When Israel was driven from Jerusalem, their enemies took them out in chains, and the nations of the world said, the Holy Blessed One doesn’t want God’s people anymore. Just as silver is refined from its defects and then converted into utensil, refined and turned into utensil many times over, so too, is Israel broken over and over, called, the text says, ”rejected silver.” When the prophet, Jeremiah heard this he came to God and said, “is it true that you’ve rejected your people, God? Why have you smitten us and there’s no healing?” (Shemot Rabbah 31:10, adapted)

The Midrash then goes somewhere I wish it wouldn’t go, but I have to acknowledge where we have missed the mark as a tradition here. Listen to the words of this ancient Midrash and feel what you feel (I’m telling you, I feel it too). The Midrash continues:

“This can be compared to a man beating his wife. Her best friend asked him, ‘How long will you go on beating her? If you wish to kill her, kill her, but if you don’t wish her to die, why do you keep beating her?’ The man replied, ‘Oh, I would never divorce my wife, I would never kill her.’ This what Jeremiah said to God: ‘If your desire is to drive us out of this world then do that, but don’t hurt us like this.’ To which God replies, ‘Oh, I would never kill Israel. It’s only because I love Israel.’” (Shemot Rabbah 31:10, adapted, continued)

Friends, I’m sharing this text, not because I like it. I don’t. It’s very hard to share these words, but how could I be an authentic representative of our people and our tradition if I don’t acknowledge the darkness that we were willing to amplify in our texts and face it head on and say, no more. For the sake of our children, for the sake of my children, no more.

The rabbis might now know that they were victims of abuse, meaning they went through trauma and this is how that sounds. But in the name of our tradition, there are rabbis still today, in the name of a principle called Shalom Bayit, Peace in the Home, who send women who have been abused back home, thinking that’s the right thing to do. They’re wrong, they don’t believe women, they aren’t trained, they don’t know how to hear because teachers and experts (like the leaders of Beit Ruth) haven’t been invited into every shul or school and not every board of directors hold systems accountable (including themselves), and communities have not consistently held their rabbis or educators accountable. Some communities (particularly in Israel) maintain the horrific stance that women are denied a get, a divorce decree, held in coercive patterns because in these communities only men have the power. That’s not love. Love shouldn’t hurt.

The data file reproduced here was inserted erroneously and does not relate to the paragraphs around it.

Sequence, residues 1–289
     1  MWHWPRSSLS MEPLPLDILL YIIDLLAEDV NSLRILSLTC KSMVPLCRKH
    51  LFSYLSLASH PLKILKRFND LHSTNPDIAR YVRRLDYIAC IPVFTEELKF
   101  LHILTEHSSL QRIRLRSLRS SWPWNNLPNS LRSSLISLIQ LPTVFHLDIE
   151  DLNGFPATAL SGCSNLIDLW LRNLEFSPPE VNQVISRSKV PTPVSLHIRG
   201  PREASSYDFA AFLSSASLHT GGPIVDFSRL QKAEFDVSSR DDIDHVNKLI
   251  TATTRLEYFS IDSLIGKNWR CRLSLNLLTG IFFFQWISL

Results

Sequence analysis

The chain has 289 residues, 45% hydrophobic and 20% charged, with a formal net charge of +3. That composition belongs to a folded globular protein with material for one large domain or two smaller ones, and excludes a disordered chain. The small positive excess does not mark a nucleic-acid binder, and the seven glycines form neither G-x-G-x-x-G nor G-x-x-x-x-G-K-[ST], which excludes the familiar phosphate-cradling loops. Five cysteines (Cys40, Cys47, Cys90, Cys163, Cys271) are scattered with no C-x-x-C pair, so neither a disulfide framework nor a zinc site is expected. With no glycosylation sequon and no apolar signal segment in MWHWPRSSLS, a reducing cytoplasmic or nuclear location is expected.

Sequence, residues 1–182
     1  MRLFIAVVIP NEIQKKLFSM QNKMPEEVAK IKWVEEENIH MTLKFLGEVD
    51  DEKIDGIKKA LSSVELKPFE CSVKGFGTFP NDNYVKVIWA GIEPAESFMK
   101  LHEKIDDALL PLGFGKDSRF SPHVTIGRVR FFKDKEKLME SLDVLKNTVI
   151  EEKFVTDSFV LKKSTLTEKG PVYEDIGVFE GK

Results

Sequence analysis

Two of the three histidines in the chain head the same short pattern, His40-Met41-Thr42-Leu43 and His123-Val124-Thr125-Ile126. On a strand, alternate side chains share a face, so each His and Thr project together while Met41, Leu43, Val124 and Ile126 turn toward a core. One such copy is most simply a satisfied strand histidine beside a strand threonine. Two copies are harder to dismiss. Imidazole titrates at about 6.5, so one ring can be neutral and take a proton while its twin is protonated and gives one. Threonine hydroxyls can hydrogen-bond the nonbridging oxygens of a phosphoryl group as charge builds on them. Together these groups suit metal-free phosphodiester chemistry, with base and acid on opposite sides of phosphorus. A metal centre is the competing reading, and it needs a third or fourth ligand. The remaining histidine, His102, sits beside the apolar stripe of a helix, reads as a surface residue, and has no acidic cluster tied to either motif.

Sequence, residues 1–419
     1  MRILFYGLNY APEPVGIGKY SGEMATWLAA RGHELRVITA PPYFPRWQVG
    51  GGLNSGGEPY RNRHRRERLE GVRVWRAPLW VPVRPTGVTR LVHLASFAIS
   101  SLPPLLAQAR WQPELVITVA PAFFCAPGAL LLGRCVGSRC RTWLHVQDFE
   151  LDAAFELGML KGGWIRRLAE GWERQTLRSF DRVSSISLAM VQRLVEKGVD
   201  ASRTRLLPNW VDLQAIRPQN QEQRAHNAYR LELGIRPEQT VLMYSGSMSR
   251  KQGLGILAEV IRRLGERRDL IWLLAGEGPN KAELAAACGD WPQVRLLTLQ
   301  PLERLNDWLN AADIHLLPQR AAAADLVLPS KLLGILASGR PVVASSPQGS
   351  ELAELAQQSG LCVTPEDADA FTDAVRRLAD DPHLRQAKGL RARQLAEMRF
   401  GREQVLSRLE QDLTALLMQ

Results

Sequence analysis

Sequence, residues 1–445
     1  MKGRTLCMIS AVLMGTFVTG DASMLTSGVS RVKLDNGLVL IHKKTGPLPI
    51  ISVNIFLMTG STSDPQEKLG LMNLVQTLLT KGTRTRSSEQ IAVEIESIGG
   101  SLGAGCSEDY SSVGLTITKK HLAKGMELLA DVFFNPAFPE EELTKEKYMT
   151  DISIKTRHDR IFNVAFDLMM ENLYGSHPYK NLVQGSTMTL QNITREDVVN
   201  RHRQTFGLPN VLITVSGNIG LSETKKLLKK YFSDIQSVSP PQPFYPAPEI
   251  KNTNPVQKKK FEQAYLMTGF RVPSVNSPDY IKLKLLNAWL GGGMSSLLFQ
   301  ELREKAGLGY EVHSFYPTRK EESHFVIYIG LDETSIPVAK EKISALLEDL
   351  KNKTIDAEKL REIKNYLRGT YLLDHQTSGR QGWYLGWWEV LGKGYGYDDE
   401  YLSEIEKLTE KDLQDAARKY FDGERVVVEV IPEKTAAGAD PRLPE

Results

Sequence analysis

The great Rabbi Abraham Joshua Heschel taught that violence against a human being is violence against God. Every one of us, every child is an image of God and anyone who would hurt them is acting in a blasphemous way. We call that chet, we call that sin.

So what are our Jewish communal responsibilities?

  1. Believe women. And believe children.
  2. Jewish organizations must place information about access and safety resources in public view.
  3. The Jewish community must robustly fund training by experts and make it mandatory for every professional and every Jewish environment to go through such a training, and then we have to make sure that Board members themselves go through the same training because all too often, children are hurt by people who serve as mentors, be they professional or volunteer. (Friends of mine have been hurt when we were children, and it is only by the grace of God that I wasn’t.)

One last thought. Not because it’s going to tie anything up in a bow and not because it’s going to make us feel better, but we should feel proud about the way Zionism itself connects to this great work.

Growing up, reflecting on sad times and upon thousands of years of Jewish powerlessness in  exile, we would sing a specific song: “Ani Ma’amin – I believe with full faith in the coming of the Messiah.” And then, with hearts swelled with feeling, we would sing the second half: “veaf al pi sh’yitmameah im kol zeh achakeh lo behol yom sheyavo – though the Messiah may tarry, I will wait. (Based on Maimonides Statements of Faith)” Why did we sing that song? Perhaps it was because we didn’t think we had the power to change our destiny for the better.

Zionism was a response by those who didn’t daven and didn’t use traditional language, en masse, rejected that posture of powerlessness. Those who founded a new way of being Jewish in the world claimed the agency to bring dignity to our bodies, to our souls, to our lives once more.

Efforts to end abuse against children and against women are the combination of all of these important and redemptive ideas. We can make things better for our children, for ourselves, for our community, and for the world. Like the early Zionists modeled, we can decide not to wait any more.

Thank God, thank God, for the founders and visionaries and current expert practitioners who lead the way to ending Domestic Violence and Abuse in Jewish community. Thank God because we can’t wait any longer, because our children need us now. And so, with the weight of tradition, imperfect as any effort, may we muster the will to continue to learn, to do better until there is no need.

May that day come soon and in our days.


About the Author
Rabbi Menachem Creditor serves as the Pearl and Ira Meyer Scholar in Residence at UJA-Federation New York and was the founder of Rabbis Against Gun Violence. An acclaimed author, scholar, and speaker with over 2 million views of his online videos and essays, he was named by Newsweek as one of the fifty most influential rabbis in America. His 31 books and 6 albums of original music include "A Year of Torah," the global anthem "Olam Chesed Yibaneh" and the COVID-era 2-volume anthology "When We Turned Within." He and his wife Neshama Carlebach live in New York, where they are raising their five children.